The bear’s ten legs help it travel long distances on both land and water. Some sources also claim that the beast is as large as an iceberg and almost impossible to kill. But in one folktale, a man does bring down one of these creatures.

Two neighbors settled in for the winter. One had stashed away a walrus to feed him during the harsh months, while the other (Kucriak) had nothing. Kucriak’s neighbor refused to share the walrus with him, so Kucriak went out in search of food. He came across the Kukuweaq’s den and killed it by stabbing his harpoon in the Kukuweaq’s eye. Unlike his greedy neighbor, Kucriak shared the bear’s meat with his entire village, saving them from starvation. Of course, his neighbor was embarrassed, since he had not shared his walrus.

I think the message in this particular folktale is clear – one must be generous towards his or her community. This is a significant cultural need, especially in isolated societies where resources are scarce. Hawaiian cultures have similar story in “The Calabash of Poi,” as do the Australians in “How the Kangaroo Got Her Pouch.”

What I’d like to know more about is why the Kukuweaq has ten legs – aside from the fact that the creature can travel long distances. The scientific term for having multiple limbs is polymelia. Many cultures have mythological creatures with polymelia, such as the Hindu Kali (a goddess, not a creature) and the Greek Hekatonkeires. I’ve been looking for more information about why this is so significant, but have failed to find anything yet. Let me know if you have a hint! (And I’ll let you know if I find something.) Aside from arms typically connoting strength, I’m at a loss.

Robert F. Spencer. The North Alaskan Eskimo: A Study in Ecology and Society. (1959)

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J is for Jörmungandr

I have a thing for snakes. I don’t want one as a pet, but they have to be my favorite animal characters. They’re highly symbolic in almost every culture, which piques my interest. I’ve chosen today’s animal because it reminds me of a tattoo I have of an ouroboros. If I had a totem animal, that would be it.

jourmungandJ is for Jörmungandr.

Jörmungandr is a giant snake in Norse mythology. He is the son of Loki and Angrbotha (the “th” here is the letter eth, but it wouldn’t transfer over properly); his siblings are Fenrir and Hel.

When the creature was born, Odin threw Jörmungandr into Midgard. There, the snake grew to epic proportions and completely encircled the realm. When he rises from the sea, his coils become a rainbow.

The most popular tale including Jörmungandr is his battle with Thor. On a particular fishing trip, Thor sails far out to sea, despite warnings from his sailing partner. He uses a decapitated ox’s head as bait, which he ties to a fishing line and throws out to sea. Jörmungandr takes the bait and surfaces. Before Thor is able to kill the best, Jörmungandr breaks the line and returns under the water.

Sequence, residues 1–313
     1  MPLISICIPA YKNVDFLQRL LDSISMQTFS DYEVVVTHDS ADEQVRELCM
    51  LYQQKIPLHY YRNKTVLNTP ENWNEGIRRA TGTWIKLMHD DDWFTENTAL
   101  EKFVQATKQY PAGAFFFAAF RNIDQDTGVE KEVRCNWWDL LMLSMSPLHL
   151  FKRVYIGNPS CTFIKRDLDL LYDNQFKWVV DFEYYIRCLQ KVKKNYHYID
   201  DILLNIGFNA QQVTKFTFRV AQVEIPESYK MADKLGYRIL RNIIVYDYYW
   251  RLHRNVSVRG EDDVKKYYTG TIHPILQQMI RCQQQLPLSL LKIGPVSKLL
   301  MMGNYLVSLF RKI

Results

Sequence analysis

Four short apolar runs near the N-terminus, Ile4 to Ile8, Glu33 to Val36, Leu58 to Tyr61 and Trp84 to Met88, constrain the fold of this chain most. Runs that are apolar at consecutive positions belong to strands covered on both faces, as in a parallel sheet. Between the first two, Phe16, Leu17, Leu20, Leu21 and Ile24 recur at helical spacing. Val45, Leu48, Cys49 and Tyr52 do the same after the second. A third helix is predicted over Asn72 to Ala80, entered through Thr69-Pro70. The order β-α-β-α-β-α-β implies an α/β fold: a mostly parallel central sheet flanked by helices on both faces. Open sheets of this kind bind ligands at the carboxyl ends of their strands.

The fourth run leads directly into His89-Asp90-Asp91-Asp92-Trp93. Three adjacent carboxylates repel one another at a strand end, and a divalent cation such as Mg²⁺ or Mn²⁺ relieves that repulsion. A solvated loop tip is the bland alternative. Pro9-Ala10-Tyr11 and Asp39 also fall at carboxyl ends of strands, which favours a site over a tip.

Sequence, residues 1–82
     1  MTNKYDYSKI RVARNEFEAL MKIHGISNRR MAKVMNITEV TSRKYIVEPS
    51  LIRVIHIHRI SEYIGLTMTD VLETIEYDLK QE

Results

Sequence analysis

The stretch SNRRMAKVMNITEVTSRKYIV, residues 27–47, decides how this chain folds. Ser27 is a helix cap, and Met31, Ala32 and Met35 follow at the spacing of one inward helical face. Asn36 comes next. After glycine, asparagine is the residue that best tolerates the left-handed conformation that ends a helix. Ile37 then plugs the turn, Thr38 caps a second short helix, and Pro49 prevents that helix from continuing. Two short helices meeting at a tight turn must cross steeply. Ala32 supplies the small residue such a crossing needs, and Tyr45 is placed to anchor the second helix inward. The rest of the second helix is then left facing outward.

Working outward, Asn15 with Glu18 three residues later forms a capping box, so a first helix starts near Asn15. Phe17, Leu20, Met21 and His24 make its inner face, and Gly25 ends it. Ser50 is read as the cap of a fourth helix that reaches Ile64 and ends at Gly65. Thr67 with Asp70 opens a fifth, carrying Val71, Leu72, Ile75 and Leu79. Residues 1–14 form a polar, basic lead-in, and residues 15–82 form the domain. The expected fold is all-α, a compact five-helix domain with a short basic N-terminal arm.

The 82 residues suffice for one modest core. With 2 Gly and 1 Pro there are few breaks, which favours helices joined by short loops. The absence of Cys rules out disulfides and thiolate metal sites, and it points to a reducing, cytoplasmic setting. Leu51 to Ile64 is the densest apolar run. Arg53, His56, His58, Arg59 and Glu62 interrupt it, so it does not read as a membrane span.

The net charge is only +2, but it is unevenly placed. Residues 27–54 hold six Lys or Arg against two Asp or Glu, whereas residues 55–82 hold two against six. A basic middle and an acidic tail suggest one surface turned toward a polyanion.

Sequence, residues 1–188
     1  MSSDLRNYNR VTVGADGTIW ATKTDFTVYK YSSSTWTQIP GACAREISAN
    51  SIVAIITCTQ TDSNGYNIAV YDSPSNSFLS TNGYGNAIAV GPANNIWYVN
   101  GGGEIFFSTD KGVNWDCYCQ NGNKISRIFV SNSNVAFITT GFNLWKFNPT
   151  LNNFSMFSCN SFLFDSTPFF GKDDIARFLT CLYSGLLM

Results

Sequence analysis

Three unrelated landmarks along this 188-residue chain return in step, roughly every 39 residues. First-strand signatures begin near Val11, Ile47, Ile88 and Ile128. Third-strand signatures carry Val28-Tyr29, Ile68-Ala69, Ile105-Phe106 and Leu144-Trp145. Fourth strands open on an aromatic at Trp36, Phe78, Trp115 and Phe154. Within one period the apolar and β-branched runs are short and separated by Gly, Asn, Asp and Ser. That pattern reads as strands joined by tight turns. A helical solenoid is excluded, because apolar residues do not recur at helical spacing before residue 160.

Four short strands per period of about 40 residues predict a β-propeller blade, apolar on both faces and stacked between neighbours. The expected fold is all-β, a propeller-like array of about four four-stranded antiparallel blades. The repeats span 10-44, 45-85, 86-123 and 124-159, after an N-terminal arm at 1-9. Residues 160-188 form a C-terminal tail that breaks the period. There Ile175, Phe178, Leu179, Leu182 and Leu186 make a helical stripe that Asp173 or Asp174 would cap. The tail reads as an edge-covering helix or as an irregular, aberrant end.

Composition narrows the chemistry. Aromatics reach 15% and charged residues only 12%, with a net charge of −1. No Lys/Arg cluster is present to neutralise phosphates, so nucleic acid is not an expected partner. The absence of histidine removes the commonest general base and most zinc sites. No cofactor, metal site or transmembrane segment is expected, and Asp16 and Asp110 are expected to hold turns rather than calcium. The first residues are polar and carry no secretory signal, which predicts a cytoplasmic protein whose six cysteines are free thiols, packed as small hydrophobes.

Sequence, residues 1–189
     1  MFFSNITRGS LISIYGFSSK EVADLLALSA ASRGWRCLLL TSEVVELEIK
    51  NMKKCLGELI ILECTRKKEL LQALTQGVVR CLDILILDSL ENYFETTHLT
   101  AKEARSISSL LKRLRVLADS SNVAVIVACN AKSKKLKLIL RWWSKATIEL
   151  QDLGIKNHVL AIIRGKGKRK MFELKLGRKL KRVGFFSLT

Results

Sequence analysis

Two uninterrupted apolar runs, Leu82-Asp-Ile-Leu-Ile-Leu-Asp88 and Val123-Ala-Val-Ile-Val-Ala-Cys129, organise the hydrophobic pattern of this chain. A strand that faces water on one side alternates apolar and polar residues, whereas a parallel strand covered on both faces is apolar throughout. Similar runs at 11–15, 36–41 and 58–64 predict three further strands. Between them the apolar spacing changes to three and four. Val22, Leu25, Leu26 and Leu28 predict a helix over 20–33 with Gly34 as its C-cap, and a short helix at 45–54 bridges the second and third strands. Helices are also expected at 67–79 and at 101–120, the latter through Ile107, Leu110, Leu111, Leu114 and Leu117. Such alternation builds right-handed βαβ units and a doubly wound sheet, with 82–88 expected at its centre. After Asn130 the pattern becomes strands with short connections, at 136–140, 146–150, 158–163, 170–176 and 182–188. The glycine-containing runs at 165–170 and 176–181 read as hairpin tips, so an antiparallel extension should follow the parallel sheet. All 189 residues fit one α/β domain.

However, Jörmungandr and Thor are fated to meet once more, during Ragnarok. At the end of Ragnarok, Jörmungandr will emerge from the sea and poison the land. He and Thor will meet one final time, and the two will kill one another.

I suppose what fascinates me about snakes is the conflicting symbolism that we meet with. As a Christian, I was brought up believing that snakes were bad. When I began to study cultural mythology, I realized that they are often dualistic creatures, neither good nor evil. Often, they are associated with the life cycle, as they are able to shed their skin and be born “anew.” Thus, they represent both life and death, the creator and the destroyer. Their simultaneously phallic and vaginal appearance adds to their use in fertility myths.

Snakes are most often associated with the earth. They are tied to the ground in a way that most animals aren’t. They come to represent the physical world, which is likely why they have been looked down upon by religions that focus on transcendence rather than earthly pleasures. Jormungandr seems to fit into this symbolism, as he surrounds the earth, holding it together. If he were to let go, the world would end.


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I is for Itherther

ImageItherther is a god from the Kabyle tribe in Algeria, Africa who took the shape of a buffalo. Itherther is central in the Kabyle creation myth.

Itherther lived in Tlam, which was located below ground. He wanted to live in the sun, so he made his way above-ground with a female calf named Thamuatz. The two bred, and had a son and daughter.